Back in Geneva: New Frontiers for Human Rights. Pandemic Preparedness and Response

Past Event

Ministerial Meeting in Geneva (24 February 2021)

One year after its first meeting in Geneva, the Alliance for Multilateralism has developed into an important forum for promoting joint solutions to global challenges by strengthening multilateral cooperation. Last year’s meeting in Geneva turned out to be the last physical meeting of the Alliance before the COVID-19 pandemic hit the entire world, and focus has been put on promoting joint responses, acting in solidarity and developing approaches to build back better. This continues to be the most pressing issue for international collaboration in 2021. This year, the Alliance convened again (virtually) in the margins of the High Level Segment of the Human Rights Council in Geneva. The meeting looked into new challenges for human rights (digital issues and climate change) and preparedness and response to health crises, while also taking into account the gender dimension.

Panelists gave insight into various initiatives such as the Freedom Online Coalition, the Global Partnership on Artificial Intelligence or the Geneva Pledge for Human Rights in Climate Action. Next to almost 50 Foreign Ministers from across the globe, the hosts – Foreign Minister of Germany, H.E. Heiko Maas and Foreign Minister of France, H.E. Jean-Yves Le Drian, welcomed high-level speakers from the UNHCHR ( High Commissioner Michelle Bachelet), the UNFCCC (Executive Secretary Patricia Espinosa), the UNESCO (Director General Audrey Azoulay), the European Union (High Representative and Vice-President Josep Borrell) as well as representatives from NGOs (Christophe Deloire, Chair of the Forum on Information and Democracy.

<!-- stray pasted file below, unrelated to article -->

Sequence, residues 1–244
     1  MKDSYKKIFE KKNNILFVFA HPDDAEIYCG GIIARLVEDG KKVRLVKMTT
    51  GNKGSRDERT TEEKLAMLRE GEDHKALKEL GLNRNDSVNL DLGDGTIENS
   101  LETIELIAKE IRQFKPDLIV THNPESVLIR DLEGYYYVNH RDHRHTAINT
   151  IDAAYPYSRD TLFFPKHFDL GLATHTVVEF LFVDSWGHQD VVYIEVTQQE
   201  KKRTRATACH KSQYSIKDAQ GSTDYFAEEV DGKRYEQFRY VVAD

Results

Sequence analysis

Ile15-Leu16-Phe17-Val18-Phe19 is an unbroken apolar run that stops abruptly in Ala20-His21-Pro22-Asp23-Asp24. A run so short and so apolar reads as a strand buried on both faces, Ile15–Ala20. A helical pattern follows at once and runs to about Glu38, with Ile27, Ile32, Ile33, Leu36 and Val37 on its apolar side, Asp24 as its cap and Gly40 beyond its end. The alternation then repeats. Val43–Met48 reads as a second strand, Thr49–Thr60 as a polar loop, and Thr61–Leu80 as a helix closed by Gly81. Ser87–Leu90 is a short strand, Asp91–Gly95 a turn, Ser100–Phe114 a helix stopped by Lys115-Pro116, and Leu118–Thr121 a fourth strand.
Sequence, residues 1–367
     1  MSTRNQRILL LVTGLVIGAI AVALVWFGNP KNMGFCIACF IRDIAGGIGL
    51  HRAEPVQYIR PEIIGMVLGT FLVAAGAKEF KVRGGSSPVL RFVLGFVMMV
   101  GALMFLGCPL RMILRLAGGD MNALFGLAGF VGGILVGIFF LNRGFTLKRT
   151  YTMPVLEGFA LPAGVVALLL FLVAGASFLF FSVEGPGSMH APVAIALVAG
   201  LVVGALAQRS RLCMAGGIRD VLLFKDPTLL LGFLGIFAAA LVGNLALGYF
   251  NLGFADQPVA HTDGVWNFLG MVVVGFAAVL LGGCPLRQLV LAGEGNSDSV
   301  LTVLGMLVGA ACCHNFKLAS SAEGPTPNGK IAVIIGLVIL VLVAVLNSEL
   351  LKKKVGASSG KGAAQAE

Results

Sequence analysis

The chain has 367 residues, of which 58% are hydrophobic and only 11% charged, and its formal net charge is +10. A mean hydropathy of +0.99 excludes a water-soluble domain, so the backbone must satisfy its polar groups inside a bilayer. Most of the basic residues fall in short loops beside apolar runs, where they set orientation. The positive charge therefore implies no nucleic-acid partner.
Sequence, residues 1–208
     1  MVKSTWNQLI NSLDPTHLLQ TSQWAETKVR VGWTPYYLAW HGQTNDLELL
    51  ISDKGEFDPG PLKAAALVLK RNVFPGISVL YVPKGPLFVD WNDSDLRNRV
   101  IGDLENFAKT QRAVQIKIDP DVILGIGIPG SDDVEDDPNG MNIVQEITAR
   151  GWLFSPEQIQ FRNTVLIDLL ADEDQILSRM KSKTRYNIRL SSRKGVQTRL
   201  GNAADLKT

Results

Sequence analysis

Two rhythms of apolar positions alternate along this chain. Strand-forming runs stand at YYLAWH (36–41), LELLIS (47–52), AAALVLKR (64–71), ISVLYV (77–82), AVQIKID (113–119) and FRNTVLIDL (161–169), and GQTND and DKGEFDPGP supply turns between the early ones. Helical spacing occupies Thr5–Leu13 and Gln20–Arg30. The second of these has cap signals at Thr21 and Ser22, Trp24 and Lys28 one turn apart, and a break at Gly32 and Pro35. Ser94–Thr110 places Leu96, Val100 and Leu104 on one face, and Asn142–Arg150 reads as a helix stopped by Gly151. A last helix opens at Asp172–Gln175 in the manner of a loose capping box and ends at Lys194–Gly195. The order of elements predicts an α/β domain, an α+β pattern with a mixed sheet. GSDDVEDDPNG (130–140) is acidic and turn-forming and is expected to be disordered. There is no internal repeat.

In his opening remarks Federal Foreign Minister Heiko Maas underlined the importance of multilateral cooperation: “It is on us to show that multilateralism is the answer. That multilateralism delivers.” Especially when it comes to pandemic response: “This means strengthening the multilateral health infrastructure that we have built during the pandemic – particularly the ACT-Accelerator and COVAX, its vaccine pillar. They remain the best tools to avoid a global run on vaccines in which all of us would lose.”

On the same day, the first delivery of COVAX vaccines arrived in Ghana.



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